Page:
Commentary on Political Economy

Wednesday 22 November 2023

 US and Germany risk owning Ukraine’s failing war effort

Constanze Stelzenmüller The writer directs the Center on the US and Europe at the Brookings Institution · Nov 22, 2023

More than 50 countries are supporting Ukraine in its defence against Russia’s full-scale invasion. Yet Ukraine’s existential struggle in Europe’s largest war since 1945 currently hinges mainly on two countries. US leadership, as well as financial and material support for Kyiv, have been essential to Ukraine’s survival. Germany is its second largest supplier of weapons and money, far ahead of the rest of the field.

Above all, Washington and Berlin have imposed a firmly demarcated strategy on the rest of Ukraine’s supporters. It rests on three principles. The western alliance will help Ukraine, but it will not put Nato boots on the ground (that, US President Joe Biden has said, would mean “world war three”). It will support Ukraine for as long as it takes (read: but not with whatever it takes). Lastly, it will undertake security commitments but not guarantees (read: Kyiv will get weapons but, as long as there is a war, no Nato membership with its promise of mutual defence).

So immense are the stakes and effort involved that this strategy has been defined and managed by a tightly knit cadre at the highest levels of government. The counterpart of Biden’s national security adviser, Jake Sullivan, is Chancellor Olaf Scholz’s national security adviser, Jens Plötner. He is closely shadowed by Scholz’s right-hand man, Wolfgang Schmidt, whose activist role in security policy is somewhat unusual in a chancellery chief of staff.

The amount of US and German assistance since Russia’s invasion in February 2022 is staggering by any measure. Both Washington and Berlin have just announced substantial increases. Biden and Scholz, like their advisers, are sincerely committed to Ukraine’s defence. And how could one not empathise with Sullivan’s conviction that he has “an obligation to the American people” to prevent escalatory scenarios?

The problem is that the strategy is not working. Ukraine is failing to prevail, as Valery Zaluzhny, chief of staff of its armed forces, recently admitted. Its allies are struggling to provide the ammunition and missiles Kyiv needs. Russia, meanwhile, is preparing for another winter of bombarding Ukrainian cities and power plants, building a war economy and weaponising political divisions between the west and the rest of the world. The rise of the hard right across the transatlantic space and the Israel-Hamas war are perilously limiting policymakers’ bandwidth. A recent visit to Berlin and to EU and Nato headquarters in Brussels found seasoned diplomats united in gloom.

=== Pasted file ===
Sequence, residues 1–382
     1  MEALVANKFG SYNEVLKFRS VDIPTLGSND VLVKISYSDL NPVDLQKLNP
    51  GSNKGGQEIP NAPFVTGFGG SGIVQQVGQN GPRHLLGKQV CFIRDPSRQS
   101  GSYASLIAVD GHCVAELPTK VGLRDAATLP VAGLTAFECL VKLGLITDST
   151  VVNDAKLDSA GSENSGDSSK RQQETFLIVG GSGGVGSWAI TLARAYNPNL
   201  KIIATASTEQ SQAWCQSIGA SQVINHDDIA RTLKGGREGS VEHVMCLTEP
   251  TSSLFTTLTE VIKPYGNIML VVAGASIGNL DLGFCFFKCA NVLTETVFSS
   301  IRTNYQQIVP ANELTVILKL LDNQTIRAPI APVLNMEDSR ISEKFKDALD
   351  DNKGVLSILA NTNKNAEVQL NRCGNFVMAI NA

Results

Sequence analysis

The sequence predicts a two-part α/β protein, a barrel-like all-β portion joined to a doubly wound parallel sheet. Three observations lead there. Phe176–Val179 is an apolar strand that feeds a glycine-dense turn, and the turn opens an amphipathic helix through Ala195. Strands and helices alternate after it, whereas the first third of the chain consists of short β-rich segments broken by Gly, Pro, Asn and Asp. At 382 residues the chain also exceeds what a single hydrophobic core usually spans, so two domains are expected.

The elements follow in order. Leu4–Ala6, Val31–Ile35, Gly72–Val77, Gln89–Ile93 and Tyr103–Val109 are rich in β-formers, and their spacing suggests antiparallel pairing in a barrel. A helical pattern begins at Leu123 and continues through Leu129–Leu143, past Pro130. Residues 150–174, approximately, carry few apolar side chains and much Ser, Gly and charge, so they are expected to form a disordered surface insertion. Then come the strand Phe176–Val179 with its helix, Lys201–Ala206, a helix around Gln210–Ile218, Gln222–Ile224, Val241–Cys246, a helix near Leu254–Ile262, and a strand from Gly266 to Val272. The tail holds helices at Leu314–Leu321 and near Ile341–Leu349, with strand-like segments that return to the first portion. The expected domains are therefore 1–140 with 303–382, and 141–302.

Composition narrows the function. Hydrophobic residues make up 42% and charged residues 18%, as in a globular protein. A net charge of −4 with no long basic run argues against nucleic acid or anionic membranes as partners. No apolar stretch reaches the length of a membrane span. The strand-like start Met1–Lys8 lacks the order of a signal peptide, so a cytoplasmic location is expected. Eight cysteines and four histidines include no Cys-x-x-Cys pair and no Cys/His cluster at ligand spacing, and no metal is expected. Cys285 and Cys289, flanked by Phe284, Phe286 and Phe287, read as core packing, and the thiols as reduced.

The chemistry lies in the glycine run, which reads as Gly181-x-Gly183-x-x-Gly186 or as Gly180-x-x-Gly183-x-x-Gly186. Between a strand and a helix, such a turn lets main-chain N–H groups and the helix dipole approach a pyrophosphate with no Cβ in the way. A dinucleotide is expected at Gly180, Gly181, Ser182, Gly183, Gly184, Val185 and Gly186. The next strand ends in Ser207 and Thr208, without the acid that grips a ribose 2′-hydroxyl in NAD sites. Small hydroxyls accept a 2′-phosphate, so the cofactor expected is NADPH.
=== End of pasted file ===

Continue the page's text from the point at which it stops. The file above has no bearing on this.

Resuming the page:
Unsurprisingly, this is energising advocates for “negotiations”. It is the alliance’s worst-kept secret that some of the most emphatic supporters of a territorial settlement sit in the German chancellery. But the idea has friends elsewhere, including some in Washington. Draw a ceasefire line, leave occupied eastern Ukraine to Russia and arm what remains to the teeth, the reasoning goes. If necessary, threaten Russia with letting a “rump Ukraine” into Nato.

This plan fails to acknowledge that Russia has zero intention of negotiating on conditions other than its own (the subjugation of Ukraine) except for the sole purpose of gaining time to regroup. The Kremlin retains substantial unused capabilities (air force, navy, cyber, nuclear). Moreover, its invasion is not just about Ukraine; it has become a “forever war” against the west. A stable equilibrium of power in Europe — ever Germany’s fondest hope — is not to be had with a Russia that is totalitarian at home and pursues imperial ambitions abroad. Which is why the “axis of prudence” between the White House and the chancellery is generating deep unhappiness and foreboding in the machine rooms of diplomacy in Washington and Berlin.

What is needed instead is a strategy of resilience, deterrence and defence for Europe for the long haul that shifts the burden from a domestically embattled America to where it belongs: Europe. Ukraine needs more weapons and ammunition. Above all, it needs an irreversible commitment from Europe that its security is our security. The EU wants to open membership negotiations with Kyiv in December. Europeans should also resolve to create a parallel track to bring Ukraine closer to Nato at the alliance’s 75th anniversary summit in Washington next July.

Biden and Scholz, together with their key advisers, will have a crucial role to play in this shift. For now, they own the strategy for one of the most consequential security challenges to the transatlantic alliance since the second world war. They risk also owning its failure.

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